Quantitative assessment of the diagnostic role of FHIT promoter methylation in non-small cell lung cancer
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Xin Geng1,*, Weilin Pu2,*, Yulong Tan1, Zhouyi Lu3, An Wang3, Lixing Tan2, Sidi Chen2, Shicheng Guo4, Jiucun Wang2, Xiaofeng Chen1
1Department of Cardiothoracic Surgery, Huashan Hospital, Fudan University, Shanghai 200032, China
2State Key Laboratory of Genetic Engineering, Collaborative Innovation Center for Genetics and Development, School of Life Sciences, Fudan University, Shanghai 200433, China
3Department of Chest Surgery, Shanghai Pulmonary Hospital, Shanghai 200433, China
4Department of Bioengineering, University of California at San Diego, La Jolla, CA 92093, USA
*These authors have contributed equally to this work
Shicheng Guo, email: email@example.com
Xiaofeng Chen, email: firstname.lastname@example.org
Jiucun Wang, email: email@example.com
Keywords: FHIT, DNA methylation, non-small cell lung cancer, NSCLC, diagnosis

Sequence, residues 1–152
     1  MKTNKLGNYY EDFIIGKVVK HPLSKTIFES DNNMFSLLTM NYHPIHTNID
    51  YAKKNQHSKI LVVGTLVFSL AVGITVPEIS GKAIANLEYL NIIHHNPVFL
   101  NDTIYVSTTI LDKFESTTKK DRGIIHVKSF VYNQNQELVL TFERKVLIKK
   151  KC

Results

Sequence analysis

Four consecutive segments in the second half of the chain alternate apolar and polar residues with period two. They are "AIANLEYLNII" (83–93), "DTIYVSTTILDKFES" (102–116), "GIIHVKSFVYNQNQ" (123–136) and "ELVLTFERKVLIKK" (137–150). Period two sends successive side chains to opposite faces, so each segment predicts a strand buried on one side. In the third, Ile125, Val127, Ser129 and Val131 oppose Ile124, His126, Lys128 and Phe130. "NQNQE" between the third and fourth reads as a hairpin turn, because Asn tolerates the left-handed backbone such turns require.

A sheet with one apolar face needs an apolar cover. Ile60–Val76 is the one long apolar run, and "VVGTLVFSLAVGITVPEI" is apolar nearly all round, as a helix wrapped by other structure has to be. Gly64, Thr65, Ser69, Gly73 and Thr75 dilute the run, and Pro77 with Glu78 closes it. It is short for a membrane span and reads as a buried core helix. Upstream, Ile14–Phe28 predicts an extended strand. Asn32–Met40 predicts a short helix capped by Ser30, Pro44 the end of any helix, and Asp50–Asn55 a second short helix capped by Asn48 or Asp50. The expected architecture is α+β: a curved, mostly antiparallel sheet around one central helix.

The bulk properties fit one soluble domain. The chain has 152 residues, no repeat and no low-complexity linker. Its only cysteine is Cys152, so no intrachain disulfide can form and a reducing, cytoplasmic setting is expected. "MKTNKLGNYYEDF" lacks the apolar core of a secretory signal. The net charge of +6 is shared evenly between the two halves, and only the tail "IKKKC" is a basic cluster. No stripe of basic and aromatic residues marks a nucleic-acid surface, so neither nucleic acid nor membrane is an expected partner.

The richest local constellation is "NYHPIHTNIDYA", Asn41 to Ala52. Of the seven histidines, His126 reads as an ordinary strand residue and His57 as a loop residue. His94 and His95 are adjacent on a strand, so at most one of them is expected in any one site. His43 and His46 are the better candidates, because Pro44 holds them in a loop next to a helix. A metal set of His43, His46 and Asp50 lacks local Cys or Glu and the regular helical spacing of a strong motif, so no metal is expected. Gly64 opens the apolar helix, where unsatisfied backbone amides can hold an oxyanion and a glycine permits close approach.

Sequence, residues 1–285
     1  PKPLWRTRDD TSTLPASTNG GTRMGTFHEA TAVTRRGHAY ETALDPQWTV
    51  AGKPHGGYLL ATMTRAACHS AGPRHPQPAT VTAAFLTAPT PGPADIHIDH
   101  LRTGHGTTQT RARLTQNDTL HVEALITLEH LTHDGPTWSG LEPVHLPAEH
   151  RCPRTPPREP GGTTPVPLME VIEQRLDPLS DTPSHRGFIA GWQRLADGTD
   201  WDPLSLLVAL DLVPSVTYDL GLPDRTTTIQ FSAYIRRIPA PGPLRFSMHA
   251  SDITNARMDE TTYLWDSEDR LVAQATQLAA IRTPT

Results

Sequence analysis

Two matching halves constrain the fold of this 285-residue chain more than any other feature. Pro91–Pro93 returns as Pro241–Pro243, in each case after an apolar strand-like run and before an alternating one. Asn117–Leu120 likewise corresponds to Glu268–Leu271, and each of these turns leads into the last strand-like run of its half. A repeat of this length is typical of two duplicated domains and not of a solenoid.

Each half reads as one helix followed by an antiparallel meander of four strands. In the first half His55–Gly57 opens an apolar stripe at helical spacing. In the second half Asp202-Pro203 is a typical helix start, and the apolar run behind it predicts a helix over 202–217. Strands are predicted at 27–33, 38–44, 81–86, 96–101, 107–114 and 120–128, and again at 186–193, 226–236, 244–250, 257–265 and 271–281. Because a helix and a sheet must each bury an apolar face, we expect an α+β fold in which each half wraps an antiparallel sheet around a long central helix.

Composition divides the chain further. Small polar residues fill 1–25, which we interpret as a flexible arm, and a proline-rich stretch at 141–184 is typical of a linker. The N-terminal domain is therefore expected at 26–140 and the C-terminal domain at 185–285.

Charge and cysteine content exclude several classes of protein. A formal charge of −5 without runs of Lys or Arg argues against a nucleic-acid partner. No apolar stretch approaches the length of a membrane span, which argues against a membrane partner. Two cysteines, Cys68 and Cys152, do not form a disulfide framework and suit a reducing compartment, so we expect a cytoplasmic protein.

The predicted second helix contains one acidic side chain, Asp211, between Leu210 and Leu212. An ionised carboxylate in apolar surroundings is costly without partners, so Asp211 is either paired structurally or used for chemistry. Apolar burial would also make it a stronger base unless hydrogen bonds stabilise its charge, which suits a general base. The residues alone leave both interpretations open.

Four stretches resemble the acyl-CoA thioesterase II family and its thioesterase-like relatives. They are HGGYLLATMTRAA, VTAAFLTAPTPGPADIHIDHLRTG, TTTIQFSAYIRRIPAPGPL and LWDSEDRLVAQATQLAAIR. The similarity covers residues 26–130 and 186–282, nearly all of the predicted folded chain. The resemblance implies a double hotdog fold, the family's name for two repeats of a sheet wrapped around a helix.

Received: April 28, 2016 Accepted: December 12, 2016 Published: December 27, 2016
Aberrant methylation of CpG islands acquired in promoter regions plays an important role in carcinogenesis. Accumulated evidence demonstrates FHIT gene promoter hyper-methylation is involved in non-small cell lung cancer (NSCLC). To test the diagnostic ability of FHIT methylation status on NSCLC, thirteen studies, including 2,119 samples were included in our meta-analysis. Simultaneously, four independent DNA methylation datasets from TCGA and GEO database were analyzed for validation. The pooled odds ratio of FHIT promoter methylation in cancer samples was 3.43 (95% CI: 1.85 to 6.36) compared with that in controls. In subgroup analysis, significant difference of FHIT gene promoter methylation status in NSCLC and controls was found in Asians but not in Caucasian population. In validation stage, 950 Caucasian samples, including 126 paired samples from TCGA, 568 cancer tissues and 256 normal controls from GEO database were analyzed, and all 8 CpG sites near the promoter region of FHIT gene were not significantly differentially methylated. Thus the diagnostic role of FHIT gene in the lung cancer may be relatively limited in the Caucasian population but useful in the Asians.
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